New Life for Old Jeans

Jumble sale jeans that don’t fit, shrunken (well maybe!) jeans, jeans battered beyond mending, or any sort of old jeans – I’ve had them all. I’m trying to avoid throwing my old clothes in landfill so I’m always looking for new uses.

The skirt was made from the leg fabric of two pairs of very old jeans. Some bits were too worn to use so had to be cut away.

Back view

To start: cut the tops off and then cut away the leg seams. There are four pieces of fabric from each pair of jeans.

To straighten up the fabric cut off the hems from each piece and use a rotary cutter and ruler to make oblongs following the stright grain.

Look for the lengthwise lines running down the fabric – this is the straight grain.

Take out your skirt pattern and work out what would look best for each piece – I alternated colours.

Sew your pieces together lengthwise until big enough to cut out each pattern piece. I used jeans thread to top stitch those extra seams.

Make up the pattern exactly as usual – or not if you prefer.  My pattern had a button front and I wanted a short front zip like most jeans skirts have.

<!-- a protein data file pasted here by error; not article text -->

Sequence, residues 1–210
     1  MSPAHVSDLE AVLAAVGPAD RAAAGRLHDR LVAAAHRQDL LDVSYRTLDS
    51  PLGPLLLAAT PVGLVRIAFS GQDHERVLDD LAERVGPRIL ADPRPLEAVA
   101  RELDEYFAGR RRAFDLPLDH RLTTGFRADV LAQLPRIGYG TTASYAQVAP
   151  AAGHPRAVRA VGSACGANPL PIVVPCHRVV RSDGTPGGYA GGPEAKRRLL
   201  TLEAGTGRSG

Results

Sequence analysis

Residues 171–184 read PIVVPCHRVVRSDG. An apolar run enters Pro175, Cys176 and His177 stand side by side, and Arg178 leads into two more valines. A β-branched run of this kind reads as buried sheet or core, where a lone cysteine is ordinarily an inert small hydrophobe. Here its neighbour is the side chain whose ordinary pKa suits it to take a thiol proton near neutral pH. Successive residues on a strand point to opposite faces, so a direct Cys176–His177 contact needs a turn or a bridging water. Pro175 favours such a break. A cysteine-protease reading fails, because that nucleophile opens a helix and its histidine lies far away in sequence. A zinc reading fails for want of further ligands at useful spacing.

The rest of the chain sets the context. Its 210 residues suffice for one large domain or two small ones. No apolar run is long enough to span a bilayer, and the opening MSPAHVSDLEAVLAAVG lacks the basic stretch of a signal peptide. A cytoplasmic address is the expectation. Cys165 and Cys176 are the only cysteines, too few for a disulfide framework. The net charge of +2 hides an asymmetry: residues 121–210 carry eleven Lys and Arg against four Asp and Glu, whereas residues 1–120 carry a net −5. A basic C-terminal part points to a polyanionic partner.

Decorate! I used the back pockets from one pair of jeans to make decorative pockets for the front of the skirt.  I also top stitched lots.

The end result

Drink Tea and Make Bunting

My favourite teapot and cup.

The mat is completely Liberty print made up of tiny triangles. Liberty prints are so pretty I’d hate to waste even the smallest amount of fabric.

Tea with homemade bunting in the background.

To make bunting

You need:

Furnishing weight fabric – I used leftover curtain fabric.

Binding – Sew lengths of bias binding together – the more colours the better OR use leftover quilt binding with the raw edges tucked in and sewn together.

To make:

Decide on the shape and size of triangle and cut it out from stiff card. This is your template for your fabric triangles.

Cut as many triangles as you want from fabric.

I cut round the template using a rotary cutter with a pinking blade in it – this cuts and finishes the fabric in one action.  The triangles hang best when cut on the lengthwise grain of the fabric.

If using bias binding – fold the binding evenly over the base of the triangles so that the raw edge is enclosed and sew down.

If using quilt binding – sew the binding to the front of the triangles so that the raw edges are hidden at the back.

NOTE – leave enough binding at each end to tie the bunting to the tree .

Tie your bunting to your trees and reward yourself with a cup of tea.